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About ShtetlKettle

For the past 2 years, I’ve been blogging about fermentation on behalf of my small Detroit-based pickle business, Suddenly Sauer.

While food, in general, and fermentation, specifically, are central passions in my life, I felt that more theoretical fermentations (read: thoughts) weren’t as communicable in that space.  Thus, I’ve created ShtetlKettle.

In this space I want to think about community and individual identity.  My point of entry is Detroit Jewish identity, but I’m in no way limited to any one perspective.  I see some of the most poignant inquiries developing out of the borders between identities, and I hope to explore my identity, both personal and communal, with the boundaries (real and imaginary) that we create. 

While I plan to post on a weekly basis, I also want this space to be open to any/all those who happen to share in these (rather specific) areas of interest.  Guest posts and comments welcome!

I look forward to growing with you!



Folk Shule

Blair Nosan

Follow these links:

And a response to that:

And then ruminate on this (pulled from the second article)

“There is no resurgence, no revival, no renaissance, no renewal, no retrenchment, no bringing back from the dead, no zombie Sholem Aleykhem. Genug. Shoyn. I’ve said it before, more eloquently, in an op-ed I wrote for the Forward last year, The Revival is Over, Let’s Talk Continuity.”

And this:

Yiddish deserves substantial financial support from the Jewish community.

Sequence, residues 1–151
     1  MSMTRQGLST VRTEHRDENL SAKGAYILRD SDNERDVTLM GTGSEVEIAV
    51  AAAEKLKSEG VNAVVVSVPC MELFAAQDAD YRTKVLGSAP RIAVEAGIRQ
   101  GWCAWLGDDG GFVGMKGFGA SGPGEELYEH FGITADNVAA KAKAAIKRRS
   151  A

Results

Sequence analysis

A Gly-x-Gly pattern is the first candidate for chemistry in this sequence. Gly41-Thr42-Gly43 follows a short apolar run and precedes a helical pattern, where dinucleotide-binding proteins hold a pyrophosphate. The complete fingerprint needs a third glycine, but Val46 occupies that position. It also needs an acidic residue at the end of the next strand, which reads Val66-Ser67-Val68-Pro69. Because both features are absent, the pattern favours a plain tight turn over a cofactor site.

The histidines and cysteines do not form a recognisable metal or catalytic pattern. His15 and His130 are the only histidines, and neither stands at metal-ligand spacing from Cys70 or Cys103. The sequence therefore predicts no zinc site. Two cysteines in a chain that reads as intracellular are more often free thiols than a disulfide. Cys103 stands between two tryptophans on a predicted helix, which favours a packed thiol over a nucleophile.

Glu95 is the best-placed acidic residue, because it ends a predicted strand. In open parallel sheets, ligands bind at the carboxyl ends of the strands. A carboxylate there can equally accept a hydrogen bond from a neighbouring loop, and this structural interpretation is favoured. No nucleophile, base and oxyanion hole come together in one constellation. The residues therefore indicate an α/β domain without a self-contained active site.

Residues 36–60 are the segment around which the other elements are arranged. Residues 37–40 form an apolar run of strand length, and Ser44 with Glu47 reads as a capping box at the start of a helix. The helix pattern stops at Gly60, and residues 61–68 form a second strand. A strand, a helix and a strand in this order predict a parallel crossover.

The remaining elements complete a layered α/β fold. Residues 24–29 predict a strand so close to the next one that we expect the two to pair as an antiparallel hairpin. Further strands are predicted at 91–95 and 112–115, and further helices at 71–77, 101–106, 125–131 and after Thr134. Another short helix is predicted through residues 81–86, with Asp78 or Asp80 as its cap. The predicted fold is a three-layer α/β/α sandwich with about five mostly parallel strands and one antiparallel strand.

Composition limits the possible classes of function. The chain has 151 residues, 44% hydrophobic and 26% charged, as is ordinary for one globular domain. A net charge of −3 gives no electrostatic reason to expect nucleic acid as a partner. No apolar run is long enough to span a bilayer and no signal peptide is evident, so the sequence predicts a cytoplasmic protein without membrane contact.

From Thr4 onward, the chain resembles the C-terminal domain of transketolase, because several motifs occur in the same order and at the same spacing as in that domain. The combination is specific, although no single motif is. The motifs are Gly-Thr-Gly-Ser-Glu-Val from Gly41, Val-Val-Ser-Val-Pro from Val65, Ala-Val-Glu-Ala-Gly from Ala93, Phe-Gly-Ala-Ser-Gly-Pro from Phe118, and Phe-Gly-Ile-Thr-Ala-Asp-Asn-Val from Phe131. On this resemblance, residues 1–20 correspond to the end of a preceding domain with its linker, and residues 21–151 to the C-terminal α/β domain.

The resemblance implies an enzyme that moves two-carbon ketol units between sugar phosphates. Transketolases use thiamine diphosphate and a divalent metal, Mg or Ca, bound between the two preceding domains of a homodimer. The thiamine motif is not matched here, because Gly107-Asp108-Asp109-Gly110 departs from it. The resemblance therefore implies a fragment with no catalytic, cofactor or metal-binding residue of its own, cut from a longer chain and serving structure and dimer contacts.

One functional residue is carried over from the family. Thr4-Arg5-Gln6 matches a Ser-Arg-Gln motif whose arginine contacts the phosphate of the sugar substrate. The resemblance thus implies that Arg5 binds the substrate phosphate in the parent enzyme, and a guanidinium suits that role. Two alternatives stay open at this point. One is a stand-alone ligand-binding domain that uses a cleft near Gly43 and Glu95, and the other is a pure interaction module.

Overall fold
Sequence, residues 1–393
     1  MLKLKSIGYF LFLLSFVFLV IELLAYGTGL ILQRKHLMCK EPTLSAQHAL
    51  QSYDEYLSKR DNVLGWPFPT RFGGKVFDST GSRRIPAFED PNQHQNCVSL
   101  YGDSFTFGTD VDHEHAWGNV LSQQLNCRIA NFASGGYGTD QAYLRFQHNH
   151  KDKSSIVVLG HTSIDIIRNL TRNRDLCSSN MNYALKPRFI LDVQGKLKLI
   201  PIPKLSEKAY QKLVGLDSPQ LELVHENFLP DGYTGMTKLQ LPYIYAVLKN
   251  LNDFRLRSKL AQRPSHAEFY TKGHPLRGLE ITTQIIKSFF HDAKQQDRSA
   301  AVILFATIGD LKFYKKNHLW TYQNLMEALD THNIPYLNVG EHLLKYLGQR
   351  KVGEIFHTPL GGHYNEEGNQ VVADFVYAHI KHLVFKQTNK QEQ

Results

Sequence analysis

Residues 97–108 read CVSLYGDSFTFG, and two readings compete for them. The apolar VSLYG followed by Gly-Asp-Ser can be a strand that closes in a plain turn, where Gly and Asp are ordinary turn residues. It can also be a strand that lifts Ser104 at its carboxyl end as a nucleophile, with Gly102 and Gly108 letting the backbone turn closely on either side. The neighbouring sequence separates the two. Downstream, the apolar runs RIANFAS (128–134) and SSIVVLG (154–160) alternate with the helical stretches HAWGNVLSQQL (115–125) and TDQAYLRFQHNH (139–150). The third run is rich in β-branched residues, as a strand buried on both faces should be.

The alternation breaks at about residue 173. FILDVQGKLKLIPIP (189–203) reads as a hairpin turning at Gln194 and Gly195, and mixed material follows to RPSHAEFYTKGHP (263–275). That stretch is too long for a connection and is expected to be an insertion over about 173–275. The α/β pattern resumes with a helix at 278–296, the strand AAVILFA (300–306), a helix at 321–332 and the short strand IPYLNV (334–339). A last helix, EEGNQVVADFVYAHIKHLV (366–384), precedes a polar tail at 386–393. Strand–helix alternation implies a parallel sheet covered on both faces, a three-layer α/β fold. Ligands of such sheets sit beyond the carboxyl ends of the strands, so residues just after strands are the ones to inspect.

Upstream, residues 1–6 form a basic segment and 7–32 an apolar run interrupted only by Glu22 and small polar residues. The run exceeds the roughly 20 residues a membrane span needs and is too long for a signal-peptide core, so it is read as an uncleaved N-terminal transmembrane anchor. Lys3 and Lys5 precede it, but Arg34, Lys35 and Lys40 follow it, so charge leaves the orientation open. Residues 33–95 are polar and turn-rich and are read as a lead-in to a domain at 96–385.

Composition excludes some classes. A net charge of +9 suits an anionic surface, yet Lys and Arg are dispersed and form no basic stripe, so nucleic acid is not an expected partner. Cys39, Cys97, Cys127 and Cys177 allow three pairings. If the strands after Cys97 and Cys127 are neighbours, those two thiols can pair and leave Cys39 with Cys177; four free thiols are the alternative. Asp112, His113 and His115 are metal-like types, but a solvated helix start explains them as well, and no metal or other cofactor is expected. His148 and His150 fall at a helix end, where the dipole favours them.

Jewish language literacy is a life or death matter for the Jewish community and as such both Yiddish and Hebrew should be taught, with the same seriousness and respect, in Jewish day schools.

A Diaspora-based Jewish identity is just as legitimate as a Jewish identity rooted in Zionism or anti-Zionism. 

Yiddish is essential to the lives and educations of millions of Jews around the world because it is their yerushe (inheritance). Without access to Yiddish, Jews of Ashkenazi descent are missing something absolutely vital to their identity as Jews and as global citizens. Ashkenaz, not Israel, holds the coordinates for the recent history of millions of American Jews. To denigrate that history, to reduce it to a fuzzy, abashed footnote, is to diminish our families, our histories and ourselves.

The anti-Yiddish cultural narrative is wide and deep. You can see it at work even in stories (like these latest ones) which purport to celebrate the tenacity of the Yiddish language. Despite the good will no doubt behind them, the cliches they recycle are toxic. The finished product, posted and reposted endlessly, is another drop in the poisonous cultural conversation around Yiddish. 

American Jews (and Ashkenazi Jews around the world) need Yiddish. They need to know who they are and where they came from and they need to learn it at home, not on the street, where the kids are all high on shelilat ha-golah (negation of the diaspora.)